Furthermore, Site and Iolab contend that they offer financing plans, which are customary in the medical supply industry, to ease the burden of the high cost of surgical equipment; amortizing the expensive purchase of a console against periodic purchases of relatively inexpensive lenses. (D.I. 69 Ex. 4 ¶ 20; 70 at 5; 71 ¶¶ 15, 21-22; 76 at 10, Ex. A at 53; 81 at 4-6.) Iolab contends that, were it not for being able to provide customers with Site consoles and cassettes, Iolab could not sell a large portion of its lenses. (D.I. 71 Rockley Decl. ¶ 18; 70 at 6; 89 at 4.) Therefore, Iolab argues that it has also been injured by Cooper's alleged patent infringement and that it should be fully compensated for the lost sales of its collateral products. (D.I. 69 Ex. 4 ¶ 16; 70 at 7.)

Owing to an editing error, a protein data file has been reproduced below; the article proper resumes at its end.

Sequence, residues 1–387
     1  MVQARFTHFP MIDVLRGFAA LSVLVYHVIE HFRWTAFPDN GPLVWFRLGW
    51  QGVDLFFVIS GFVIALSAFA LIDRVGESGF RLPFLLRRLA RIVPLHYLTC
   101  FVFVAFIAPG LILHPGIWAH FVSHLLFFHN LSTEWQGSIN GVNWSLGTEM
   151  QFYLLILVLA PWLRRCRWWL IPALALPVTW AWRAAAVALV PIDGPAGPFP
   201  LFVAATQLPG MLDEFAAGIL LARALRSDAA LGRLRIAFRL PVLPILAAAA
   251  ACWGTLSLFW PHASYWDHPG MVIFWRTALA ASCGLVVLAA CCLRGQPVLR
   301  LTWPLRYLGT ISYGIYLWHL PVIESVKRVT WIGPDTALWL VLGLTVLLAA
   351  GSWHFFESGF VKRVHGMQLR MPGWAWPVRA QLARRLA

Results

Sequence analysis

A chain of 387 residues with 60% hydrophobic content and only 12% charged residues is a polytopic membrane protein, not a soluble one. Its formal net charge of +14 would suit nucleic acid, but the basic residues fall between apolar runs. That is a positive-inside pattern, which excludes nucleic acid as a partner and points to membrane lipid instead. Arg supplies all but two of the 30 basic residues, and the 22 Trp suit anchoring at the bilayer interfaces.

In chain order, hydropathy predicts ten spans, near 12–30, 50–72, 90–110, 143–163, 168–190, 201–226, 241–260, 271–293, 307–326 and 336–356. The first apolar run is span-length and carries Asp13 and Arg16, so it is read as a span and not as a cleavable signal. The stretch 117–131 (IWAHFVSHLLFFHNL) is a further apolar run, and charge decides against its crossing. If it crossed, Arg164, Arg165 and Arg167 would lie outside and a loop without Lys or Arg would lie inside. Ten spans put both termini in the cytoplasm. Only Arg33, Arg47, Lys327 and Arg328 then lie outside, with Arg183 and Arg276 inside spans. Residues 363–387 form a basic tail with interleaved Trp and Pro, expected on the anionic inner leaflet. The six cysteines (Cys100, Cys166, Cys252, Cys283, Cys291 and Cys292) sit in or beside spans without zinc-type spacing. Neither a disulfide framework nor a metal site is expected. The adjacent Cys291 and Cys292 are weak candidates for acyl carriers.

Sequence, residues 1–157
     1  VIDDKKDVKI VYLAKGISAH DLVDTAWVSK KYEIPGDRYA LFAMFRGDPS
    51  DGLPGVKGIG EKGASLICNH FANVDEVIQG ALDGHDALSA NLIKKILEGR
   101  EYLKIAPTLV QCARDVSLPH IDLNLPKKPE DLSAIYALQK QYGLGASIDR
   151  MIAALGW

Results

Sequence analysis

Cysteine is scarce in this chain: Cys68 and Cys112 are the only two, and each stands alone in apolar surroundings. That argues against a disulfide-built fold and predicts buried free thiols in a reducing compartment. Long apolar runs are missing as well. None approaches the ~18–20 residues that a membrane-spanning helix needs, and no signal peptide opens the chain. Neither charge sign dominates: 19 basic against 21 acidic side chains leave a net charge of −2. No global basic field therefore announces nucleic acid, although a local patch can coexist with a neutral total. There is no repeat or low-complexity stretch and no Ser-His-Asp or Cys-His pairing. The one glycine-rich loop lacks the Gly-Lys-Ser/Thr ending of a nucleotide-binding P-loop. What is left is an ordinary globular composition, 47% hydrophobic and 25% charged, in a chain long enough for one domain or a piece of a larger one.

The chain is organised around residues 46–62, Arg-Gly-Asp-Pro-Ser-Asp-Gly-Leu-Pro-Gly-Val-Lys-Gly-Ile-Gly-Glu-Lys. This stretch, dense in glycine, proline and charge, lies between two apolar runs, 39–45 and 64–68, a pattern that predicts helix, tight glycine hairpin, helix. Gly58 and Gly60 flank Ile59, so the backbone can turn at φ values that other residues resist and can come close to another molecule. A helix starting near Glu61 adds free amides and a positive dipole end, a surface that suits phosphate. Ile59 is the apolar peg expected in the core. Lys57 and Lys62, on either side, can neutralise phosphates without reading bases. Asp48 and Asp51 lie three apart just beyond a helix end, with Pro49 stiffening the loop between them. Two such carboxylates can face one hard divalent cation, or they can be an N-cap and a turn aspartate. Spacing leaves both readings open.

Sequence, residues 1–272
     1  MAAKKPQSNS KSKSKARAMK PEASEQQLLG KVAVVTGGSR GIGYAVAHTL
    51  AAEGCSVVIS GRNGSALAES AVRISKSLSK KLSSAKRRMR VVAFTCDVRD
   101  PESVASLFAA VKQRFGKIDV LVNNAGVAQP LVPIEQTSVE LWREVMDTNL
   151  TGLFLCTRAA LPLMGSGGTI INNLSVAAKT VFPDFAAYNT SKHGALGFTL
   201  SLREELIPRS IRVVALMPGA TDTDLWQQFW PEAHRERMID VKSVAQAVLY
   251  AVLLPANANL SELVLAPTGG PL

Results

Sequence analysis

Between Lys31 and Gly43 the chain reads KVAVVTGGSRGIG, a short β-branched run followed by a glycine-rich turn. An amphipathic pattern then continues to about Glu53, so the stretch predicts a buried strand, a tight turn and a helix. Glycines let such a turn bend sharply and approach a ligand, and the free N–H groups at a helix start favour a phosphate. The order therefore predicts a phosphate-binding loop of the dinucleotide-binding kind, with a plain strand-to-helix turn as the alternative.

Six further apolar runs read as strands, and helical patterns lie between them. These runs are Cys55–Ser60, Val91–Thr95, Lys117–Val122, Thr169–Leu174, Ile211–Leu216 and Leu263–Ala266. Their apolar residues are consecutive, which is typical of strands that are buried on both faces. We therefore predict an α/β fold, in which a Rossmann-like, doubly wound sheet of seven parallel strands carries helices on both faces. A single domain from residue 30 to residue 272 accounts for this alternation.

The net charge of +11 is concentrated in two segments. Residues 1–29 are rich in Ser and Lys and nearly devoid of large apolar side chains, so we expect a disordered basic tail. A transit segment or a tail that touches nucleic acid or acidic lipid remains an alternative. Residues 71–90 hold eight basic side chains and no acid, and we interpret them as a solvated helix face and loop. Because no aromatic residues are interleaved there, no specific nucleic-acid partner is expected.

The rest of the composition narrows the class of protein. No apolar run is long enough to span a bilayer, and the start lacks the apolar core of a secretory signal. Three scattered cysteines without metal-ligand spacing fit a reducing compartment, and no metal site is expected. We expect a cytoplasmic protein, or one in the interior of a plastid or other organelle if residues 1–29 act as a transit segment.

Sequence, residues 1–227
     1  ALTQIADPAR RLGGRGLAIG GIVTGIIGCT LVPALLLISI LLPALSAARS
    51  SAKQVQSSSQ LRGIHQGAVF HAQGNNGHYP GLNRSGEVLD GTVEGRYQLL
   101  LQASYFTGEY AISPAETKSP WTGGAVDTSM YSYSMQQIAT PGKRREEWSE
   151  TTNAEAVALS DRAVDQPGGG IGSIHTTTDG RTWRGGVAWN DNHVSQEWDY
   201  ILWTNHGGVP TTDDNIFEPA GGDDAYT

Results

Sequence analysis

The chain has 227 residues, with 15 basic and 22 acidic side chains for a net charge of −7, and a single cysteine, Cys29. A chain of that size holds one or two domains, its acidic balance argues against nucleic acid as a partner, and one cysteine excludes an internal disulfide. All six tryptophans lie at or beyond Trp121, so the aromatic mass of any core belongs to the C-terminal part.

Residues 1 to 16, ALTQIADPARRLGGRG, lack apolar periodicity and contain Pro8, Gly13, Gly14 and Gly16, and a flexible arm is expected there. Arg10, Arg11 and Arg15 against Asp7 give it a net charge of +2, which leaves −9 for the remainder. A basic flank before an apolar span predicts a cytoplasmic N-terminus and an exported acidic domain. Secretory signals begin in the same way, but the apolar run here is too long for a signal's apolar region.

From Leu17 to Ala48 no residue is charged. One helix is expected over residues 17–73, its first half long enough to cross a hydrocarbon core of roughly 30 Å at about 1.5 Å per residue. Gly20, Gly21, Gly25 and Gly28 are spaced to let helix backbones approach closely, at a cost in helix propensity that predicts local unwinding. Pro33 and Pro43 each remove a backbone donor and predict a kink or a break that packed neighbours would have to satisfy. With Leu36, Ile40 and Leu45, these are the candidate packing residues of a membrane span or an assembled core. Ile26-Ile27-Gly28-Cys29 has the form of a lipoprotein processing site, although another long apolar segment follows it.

Rule 15 of the Federal Rules of Civil Procedure favors amendment. Adams v. Gould, Inc., 739 F.2d 858, 864 (3d Cir.1984), cert. denied, 469 U.S. 1122, 105 S.Ct. 806, 83 L.Ed.2d 799 (1985).5 It provides, in pertinent part, that leave to amend "shall be freely given when justice so requires." Fed.R.Civ.P. 15(a). "If the underlying facts or circumstances relied upon by a plaintiff may be a proper subject of relief, he ought to be afforded an opportunity to test his claim on the merits." Foman v. Davis, 371 U.S. 178, 83 S.Ct. 227, 9 L.Ed.2d 222 (1962). However, this liberal policy of granting leave to amend must not be interpreted to permit amendment without restraint. Adams v. Gould, Inc., 739 F.2d at 864; Strawhecker v. Laurel School District, 100 F.R.D. 7, 10 (W.D.Pa.1983). An amendment should not be permitted if countervailing considerations exist such as undue delay, bad faith, dilatory motive, repeated failure to cure deficiencies, undue prejudice, or futility. Foman v. Davis, 371 U.S. at 182, 83 S.Ct. at 230.